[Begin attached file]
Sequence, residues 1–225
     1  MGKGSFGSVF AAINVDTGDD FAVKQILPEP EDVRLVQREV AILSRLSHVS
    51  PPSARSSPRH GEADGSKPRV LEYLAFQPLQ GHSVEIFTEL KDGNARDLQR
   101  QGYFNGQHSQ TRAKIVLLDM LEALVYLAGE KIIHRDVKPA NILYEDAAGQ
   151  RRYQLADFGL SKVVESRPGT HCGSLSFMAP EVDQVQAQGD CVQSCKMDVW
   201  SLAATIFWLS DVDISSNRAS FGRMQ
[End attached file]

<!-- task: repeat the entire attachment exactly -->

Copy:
Sequence, residues 1–225
     1  MGKGSFGSVF AAINVDTGDD FAVKQILPEP EDVRLVQREV AILSRLSHVS
    51  PPSARSSPRH GEADGSKPRV LEYLAFQPLQ GHSVEIFTEL KDGNARDLQR
   101  QGYFNGQHSQ TRAKIVLLDM LEALVYLAGE KIIHRDVKPA NILYEDAAGQ
   151  RRYQLADFGL SKVVESRPGT HCGSLSFMAP EVDQVQAQGD CVQSCKMDVW
   201  SLAATIFWLS DVDISSNRAS FGRMQ